There was a never-ending stream of papers, reviews and reports, but I believe his greatest influence was when speaking. The combination of his commanding presence - he was immensely tall - his delivery, his fluency in many languages and his gentle wit, as well as the intellectual power in his arguments, was irresistible to many kinds of audience.

I particularly remember the impact he made in Britain on the House of Lords European Scrutiny Committee at a time when the Commons paid little attention to EEC legislation. He had asked me to open the London office of IEEP in 1980 and I had little difficulty in persuading him to accompany me to give oral evidence on proposed EEC Directives. He enjoyed the style of the questioning and the committee appreciated his explanations at a time when people in Britain were only just coming to understand how EEC policy worked. On one occasion, when the directive on environmental impact assessment of development projects was being resisted by the Government, his evidence enabled the committee to challenge the Government's position, which in turn enabled the Government to agree to the directive's adoption.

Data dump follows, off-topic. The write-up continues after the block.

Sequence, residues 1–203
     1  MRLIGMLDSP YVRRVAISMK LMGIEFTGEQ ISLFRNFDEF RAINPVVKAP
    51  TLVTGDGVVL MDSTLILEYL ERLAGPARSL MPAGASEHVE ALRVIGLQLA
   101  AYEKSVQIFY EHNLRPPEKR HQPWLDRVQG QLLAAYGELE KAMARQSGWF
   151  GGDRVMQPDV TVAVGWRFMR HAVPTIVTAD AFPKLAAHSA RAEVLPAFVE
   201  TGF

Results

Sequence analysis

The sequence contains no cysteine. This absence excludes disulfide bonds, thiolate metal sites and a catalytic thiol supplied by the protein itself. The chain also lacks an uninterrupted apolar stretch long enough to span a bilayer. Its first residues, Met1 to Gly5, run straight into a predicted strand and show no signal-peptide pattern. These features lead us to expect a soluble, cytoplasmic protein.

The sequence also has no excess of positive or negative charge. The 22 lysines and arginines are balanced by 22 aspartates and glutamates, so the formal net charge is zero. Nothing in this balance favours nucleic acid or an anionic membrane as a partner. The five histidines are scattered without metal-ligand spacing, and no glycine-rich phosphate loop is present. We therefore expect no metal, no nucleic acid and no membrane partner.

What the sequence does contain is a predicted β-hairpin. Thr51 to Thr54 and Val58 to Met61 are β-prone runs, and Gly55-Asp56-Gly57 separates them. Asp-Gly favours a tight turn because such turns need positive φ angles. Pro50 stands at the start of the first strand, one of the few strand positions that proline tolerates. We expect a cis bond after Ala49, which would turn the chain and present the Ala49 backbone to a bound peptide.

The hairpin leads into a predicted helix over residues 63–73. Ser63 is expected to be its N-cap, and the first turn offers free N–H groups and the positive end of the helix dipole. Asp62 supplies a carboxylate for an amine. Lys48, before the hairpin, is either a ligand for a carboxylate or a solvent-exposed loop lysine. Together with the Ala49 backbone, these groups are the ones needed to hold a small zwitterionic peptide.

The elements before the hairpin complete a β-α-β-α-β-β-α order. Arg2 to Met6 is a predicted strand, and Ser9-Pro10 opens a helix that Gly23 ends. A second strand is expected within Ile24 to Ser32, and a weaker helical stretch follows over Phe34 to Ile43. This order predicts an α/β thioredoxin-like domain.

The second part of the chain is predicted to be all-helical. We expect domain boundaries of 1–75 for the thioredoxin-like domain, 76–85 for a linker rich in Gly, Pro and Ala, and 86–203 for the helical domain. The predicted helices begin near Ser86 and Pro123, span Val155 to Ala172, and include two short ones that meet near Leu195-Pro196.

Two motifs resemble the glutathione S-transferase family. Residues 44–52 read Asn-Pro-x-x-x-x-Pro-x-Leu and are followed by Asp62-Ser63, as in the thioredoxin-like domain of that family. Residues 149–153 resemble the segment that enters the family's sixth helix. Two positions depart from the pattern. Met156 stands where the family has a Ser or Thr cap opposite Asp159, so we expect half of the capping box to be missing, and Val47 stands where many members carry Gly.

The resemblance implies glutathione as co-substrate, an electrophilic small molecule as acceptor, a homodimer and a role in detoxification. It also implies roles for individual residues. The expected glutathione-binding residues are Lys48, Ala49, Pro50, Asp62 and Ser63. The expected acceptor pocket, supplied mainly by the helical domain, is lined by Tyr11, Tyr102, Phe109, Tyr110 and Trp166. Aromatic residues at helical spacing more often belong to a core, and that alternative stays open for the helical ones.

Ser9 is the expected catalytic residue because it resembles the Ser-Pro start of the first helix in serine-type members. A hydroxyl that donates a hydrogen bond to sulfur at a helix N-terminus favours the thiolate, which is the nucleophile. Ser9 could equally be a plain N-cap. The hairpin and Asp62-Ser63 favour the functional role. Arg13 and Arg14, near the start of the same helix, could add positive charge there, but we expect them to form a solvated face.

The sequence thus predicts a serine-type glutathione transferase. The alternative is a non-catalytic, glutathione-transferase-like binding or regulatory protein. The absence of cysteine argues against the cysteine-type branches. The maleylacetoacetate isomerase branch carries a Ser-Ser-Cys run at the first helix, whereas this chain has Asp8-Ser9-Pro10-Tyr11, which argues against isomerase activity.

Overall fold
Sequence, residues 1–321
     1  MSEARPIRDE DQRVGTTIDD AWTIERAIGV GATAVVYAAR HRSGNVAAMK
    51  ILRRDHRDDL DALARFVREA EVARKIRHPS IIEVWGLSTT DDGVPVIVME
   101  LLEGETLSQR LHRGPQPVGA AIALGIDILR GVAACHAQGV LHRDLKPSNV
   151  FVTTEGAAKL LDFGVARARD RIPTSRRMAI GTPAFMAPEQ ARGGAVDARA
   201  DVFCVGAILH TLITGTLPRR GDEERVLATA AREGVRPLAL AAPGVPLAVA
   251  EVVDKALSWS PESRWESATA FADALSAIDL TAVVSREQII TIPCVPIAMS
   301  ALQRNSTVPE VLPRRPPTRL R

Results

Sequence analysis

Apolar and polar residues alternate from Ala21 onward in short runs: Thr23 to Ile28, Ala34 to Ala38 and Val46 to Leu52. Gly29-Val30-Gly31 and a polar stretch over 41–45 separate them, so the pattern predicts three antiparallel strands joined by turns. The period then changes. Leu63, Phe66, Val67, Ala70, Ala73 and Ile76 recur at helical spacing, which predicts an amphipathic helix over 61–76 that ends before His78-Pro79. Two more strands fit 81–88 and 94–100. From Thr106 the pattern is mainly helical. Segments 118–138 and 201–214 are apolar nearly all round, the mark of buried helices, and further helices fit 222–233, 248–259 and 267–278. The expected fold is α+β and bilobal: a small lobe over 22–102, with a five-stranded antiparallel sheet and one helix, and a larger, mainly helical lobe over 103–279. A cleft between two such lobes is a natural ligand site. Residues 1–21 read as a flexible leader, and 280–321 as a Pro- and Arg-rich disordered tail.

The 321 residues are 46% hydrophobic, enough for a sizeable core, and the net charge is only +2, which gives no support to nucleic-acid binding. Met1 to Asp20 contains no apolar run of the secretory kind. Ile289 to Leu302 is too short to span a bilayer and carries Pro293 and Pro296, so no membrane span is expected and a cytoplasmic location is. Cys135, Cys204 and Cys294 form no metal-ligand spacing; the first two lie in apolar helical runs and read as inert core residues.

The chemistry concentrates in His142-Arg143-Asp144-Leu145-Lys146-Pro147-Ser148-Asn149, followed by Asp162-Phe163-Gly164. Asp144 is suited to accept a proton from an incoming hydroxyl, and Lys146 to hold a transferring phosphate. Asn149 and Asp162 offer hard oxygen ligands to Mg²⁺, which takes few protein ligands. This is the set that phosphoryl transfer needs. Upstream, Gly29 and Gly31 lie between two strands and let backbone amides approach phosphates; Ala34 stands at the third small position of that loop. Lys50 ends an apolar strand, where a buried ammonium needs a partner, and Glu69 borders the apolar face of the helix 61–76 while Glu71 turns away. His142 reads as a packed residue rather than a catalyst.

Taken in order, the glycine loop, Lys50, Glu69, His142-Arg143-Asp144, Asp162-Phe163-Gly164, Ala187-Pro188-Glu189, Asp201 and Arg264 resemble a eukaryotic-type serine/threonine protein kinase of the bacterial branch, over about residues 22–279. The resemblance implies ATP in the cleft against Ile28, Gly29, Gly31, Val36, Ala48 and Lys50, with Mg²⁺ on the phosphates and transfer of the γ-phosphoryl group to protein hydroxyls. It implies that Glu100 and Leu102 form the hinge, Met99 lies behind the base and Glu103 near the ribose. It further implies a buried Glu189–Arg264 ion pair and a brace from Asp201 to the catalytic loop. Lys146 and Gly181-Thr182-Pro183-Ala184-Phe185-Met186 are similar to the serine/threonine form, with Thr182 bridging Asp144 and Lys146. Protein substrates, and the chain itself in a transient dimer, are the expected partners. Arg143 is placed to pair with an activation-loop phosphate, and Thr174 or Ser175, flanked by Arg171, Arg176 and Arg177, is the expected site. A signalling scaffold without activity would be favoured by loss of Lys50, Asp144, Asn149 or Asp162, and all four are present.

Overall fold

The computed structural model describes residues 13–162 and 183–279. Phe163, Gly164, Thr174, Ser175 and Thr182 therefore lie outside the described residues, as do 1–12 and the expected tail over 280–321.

I had been looking forward to seeing him at a workshop on EU chemicals policy in Paris last week, which of course he had instigated and to which he had suggested I be invited to speak. This was typical of how he kept in touch with old colleagues. But he contracted a rare form of lung cancer and died unexpectedly quickly. At his funeral in Vermont his mother, now aged 96, spoke movingly.

Nigel Haigh